Dark Reading is part of the Informa Tech Division of Informa PLC

This site is operated by a business or businesses owned by Informa PLC and all copyright resides with them.Informa PLC's registered office is 5 Howick Place, London SW1P 1WG. Registered in England and Wales. Number 8860726.

Risk //

Compliance

3/29/2012
08:18 PM
50%
50%

Lesson From Pwn2Own: Focus On Exploitability

Talented programmers can create attack code quickly, suggesting that firms need to focus on patching easily exploitable -- not just exploited -- flaws

The Pwn2Own contest earlier this month at the CanSecWest Conference showed off the speed with which knowledgeable security professionals can code exploits for known vulnerabilities.

While only two teams competed, it took them less than a day to create a workable exploit for each vulnerability selected by HP TippingPoint, which ran the competition. In some cases, the coders required only an hour or two. On the second day of the contest, for example, a team of researchers from security and offensive technology firm VUPEN boasted on Twitter: "Here we go, another on-site exploit have been written by our team for IE (Internet Explorer) -- this one was challenging, it took us 4 hrs."

The speed that vulnerabilities could be exploited holds a lesson. While vulnerabilities that are actively being exploited should receive the highest priority for patching, the contest shows that the exploitability of a vulnerability -- not just the existence of an exploit -- should be considered as well, says Aaron Portnoy, manager of security research for HP TippingPoint.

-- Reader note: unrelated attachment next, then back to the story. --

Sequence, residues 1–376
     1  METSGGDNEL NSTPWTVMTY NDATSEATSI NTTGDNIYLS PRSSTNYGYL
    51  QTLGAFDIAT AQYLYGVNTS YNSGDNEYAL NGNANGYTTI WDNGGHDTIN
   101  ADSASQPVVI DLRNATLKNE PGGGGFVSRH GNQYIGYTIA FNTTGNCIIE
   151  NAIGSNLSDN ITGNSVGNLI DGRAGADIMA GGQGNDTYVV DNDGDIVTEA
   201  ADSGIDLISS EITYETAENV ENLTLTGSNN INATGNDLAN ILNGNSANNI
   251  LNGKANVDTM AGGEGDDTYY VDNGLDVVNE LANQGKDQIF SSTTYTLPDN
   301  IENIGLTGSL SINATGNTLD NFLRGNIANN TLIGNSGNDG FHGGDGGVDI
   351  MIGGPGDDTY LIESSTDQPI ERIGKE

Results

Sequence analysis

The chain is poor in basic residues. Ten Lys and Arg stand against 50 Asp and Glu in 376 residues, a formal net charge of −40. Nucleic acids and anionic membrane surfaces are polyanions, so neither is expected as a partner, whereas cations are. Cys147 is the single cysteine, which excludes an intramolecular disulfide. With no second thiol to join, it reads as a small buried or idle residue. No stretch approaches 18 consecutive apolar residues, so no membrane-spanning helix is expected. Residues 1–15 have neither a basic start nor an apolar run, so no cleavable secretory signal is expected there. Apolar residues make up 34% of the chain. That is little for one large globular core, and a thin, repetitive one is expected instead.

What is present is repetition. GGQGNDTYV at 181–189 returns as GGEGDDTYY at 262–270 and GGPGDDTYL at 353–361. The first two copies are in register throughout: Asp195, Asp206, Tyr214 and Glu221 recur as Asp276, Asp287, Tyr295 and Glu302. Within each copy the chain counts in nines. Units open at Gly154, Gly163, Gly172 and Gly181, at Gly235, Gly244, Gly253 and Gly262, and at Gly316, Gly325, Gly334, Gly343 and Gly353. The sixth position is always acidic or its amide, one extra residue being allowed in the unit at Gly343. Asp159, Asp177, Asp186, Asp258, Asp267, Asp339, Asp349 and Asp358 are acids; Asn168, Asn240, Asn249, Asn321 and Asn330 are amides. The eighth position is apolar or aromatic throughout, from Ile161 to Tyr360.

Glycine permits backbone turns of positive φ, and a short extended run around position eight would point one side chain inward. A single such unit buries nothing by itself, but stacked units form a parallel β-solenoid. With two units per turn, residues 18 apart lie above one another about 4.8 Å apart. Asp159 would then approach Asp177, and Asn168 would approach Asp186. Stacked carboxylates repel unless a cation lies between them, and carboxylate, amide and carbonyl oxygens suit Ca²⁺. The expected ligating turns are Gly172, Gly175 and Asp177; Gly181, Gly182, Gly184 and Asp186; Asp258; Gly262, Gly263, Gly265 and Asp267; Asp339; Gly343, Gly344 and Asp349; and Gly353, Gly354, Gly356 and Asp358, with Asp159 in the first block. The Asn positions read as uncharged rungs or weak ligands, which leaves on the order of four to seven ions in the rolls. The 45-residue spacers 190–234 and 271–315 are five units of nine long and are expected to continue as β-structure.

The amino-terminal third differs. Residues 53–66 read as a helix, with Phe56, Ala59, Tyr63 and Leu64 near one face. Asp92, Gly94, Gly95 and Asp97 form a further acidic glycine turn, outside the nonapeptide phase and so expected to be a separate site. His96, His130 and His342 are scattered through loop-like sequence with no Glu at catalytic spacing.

"The whole point of the public exploit part of Pwn2Own is to show that, yes, it really doesn't take that long to write an exploit for these," Portnoy says. "Before the contest, there really wasn't any good data on how long it takes for someone to code an exploit. People now actually have that information."

While patching is an important security task, companies are overwhelmed by the deluge of vulnerabilities that they have to track on a regular basis, Portnoy says. Finding some metric to help prioritize which updates to test and deploy is important. While some researchers have suggested a focus on finding weaknesses in attack tools or attacker methodology that can inform defense, the working security manager needs a more immediate indicator of patch criticality.

Companies should obviously patch software that is being targeted by a publicly available exploit, Portnoy says. Yet, after emergency fixes, focusing on software vulnerabilities that vendors expect to be exploited quickly is the next step. The performance of teams such as VUPEN's at Pwn2Own shows that it doesn't take long to go from zero to exploit.

"We created six different exploits in less than 24 hours, which demonstrates that with enough resources and expertise, a team of motivated researchers can write reliable exploits in a very short time," says Chaouki Bekrar, CEO and head of research for VUPEN.

Moreover, companies need to assume that attackers may have already created attacks that use easy-to-exploit vulnerabilities and just have not released the details publicly, Bekrar says.

"As functional exploits are often privately available but not public, companies should not take into account the availability ... of a public exploit in their patch management process," he says.